MILLER, NEAL ELGAR

(1909 - 2002) was a U.S. psychologist who received his doctorate (Ph.D.) in psychology from Yale University in 1935. Miller then took a year out studying psychoanalysis in the city of Vienna, after which he taught at Yale University for 30 years before moving to the Rockefeller University in 1966 which Neal stayed at until retiring. His main interest was in the motivational aspects of reward and drive reduction and the real applications of experimental results in clinical psychology. Miller had a wide number of books published, from the Personality Anti Psychotherapy in 1950 to Social Learning and Imitation. He was also awarded a large number of prestigious awards such as the National Medal of Science, the Gold Medal of the American Psychological Foundation, the American Psychological Association's Distinguished Sci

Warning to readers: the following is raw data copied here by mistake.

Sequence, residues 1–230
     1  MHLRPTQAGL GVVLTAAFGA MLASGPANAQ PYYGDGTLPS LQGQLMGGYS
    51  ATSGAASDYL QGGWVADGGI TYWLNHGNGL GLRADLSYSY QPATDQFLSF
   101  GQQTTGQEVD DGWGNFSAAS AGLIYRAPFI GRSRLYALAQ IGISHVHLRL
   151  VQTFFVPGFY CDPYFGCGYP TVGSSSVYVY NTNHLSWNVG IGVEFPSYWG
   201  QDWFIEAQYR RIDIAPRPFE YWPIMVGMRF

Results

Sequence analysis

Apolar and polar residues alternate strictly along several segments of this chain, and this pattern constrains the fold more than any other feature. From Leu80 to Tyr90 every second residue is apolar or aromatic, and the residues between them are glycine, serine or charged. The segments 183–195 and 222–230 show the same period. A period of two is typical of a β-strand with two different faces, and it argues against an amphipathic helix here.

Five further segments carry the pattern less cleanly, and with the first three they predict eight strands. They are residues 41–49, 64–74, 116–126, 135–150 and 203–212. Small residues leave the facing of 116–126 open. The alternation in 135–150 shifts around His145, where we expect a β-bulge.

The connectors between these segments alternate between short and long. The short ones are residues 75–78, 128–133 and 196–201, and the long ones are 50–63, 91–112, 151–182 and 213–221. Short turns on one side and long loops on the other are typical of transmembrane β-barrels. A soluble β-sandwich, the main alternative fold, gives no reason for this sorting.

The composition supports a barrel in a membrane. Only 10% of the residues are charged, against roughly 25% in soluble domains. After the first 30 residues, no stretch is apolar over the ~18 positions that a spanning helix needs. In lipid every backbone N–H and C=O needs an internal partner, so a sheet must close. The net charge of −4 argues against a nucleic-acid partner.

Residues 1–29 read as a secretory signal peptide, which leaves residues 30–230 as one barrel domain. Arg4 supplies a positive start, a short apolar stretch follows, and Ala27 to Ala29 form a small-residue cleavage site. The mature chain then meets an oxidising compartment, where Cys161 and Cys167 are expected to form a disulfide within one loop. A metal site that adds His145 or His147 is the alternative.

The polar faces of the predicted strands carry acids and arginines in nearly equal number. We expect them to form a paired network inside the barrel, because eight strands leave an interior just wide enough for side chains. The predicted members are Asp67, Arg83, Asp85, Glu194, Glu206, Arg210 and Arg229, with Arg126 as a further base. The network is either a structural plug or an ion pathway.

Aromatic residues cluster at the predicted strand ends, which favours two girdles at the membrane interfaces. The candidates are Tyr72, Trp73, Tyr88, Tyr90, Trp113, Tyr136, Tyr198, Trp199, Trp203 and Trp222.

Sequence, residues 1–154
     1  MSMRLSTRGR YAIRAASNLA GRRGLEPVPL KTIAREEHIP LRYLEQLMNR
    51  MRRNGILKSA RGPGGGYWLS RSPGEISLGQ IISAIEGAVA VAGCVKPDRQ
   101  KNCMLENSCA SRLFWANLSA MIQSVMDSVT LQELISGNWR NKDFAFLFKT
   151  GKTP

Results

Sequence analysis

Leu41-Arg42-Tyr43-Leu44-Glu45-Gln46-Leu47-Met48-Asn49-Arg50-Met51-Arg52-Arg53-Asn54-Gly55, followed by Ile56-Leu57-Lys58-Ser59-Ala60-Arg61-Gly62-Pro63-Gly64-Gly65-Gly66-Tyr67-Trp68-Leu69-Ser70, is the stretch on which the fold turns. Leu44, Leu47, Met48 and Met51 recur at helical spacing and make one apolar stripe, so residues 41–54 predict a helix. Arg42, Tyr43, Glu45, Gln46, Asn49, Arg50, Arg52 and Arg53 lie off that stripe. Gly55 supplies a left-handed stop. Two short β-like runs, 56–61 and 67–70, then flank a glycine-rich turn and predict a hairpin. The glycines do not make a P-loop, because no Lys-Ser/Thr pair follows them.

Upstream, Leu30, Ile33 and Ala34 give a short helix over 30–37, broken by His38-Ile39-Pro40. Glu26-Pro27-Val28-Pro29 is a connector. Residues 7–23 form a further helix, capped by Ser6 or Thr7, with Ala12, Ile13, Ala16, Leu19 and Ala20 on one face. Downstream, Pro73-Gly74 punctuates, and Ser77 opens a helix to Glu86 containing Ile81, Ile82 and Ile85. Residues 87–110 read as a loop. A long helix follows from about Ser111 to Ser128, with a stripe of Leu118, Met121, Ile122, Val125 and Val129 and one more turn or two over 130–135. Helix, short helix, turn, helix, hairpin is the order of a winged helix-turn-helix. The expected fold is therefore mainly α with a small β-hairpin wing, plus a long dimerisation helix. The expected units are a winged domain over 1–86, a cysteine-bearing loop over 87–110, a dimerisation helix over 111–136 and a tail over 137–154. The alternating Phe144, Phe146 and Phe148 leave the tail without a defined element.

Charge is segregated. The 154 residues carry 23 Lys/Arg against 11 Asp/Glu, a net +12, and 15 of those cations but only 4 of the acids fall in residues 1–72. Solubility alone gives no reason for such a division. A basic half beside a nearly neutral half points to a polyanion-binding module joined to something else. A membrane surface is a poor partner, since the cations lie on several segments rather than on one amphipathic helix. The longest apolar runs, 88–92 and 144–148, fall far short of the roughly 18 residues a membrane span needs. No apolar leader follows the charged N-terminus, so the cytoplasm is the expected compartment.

MILLER, NEAL ELGAR: "Neal Miller was an award winning U.S. psychologist who was awarded his doctorate from Yale University in 1935, he spent the most part of his career teaching at Yale before moving to the Rockefeller University in 1966. "
Cite this page: N., Pam M.S., "MILLER, NEAL ELGAR," in PsychologyDictionary.org, April 7, 2013, https://psychologydictionary.org/miller-neal-elgar/ (accessed July 10, 2020).
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